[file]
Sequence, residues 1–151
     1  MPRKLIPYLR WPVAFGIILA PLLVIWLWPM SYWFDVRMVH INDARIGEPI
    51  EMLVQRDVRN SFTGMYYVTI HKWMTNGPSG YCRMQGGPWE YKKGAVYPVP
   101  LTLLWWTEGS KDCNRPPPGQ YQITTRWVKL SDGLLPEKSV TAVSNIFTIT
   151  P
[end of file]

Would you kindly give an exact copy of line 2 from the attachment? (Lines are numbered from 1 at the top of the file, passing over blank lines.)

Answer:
     1  MPRKLIPYLR WPVAFGIILA PLLVIWLWPM SYWFDVRMVH INDARIGEPI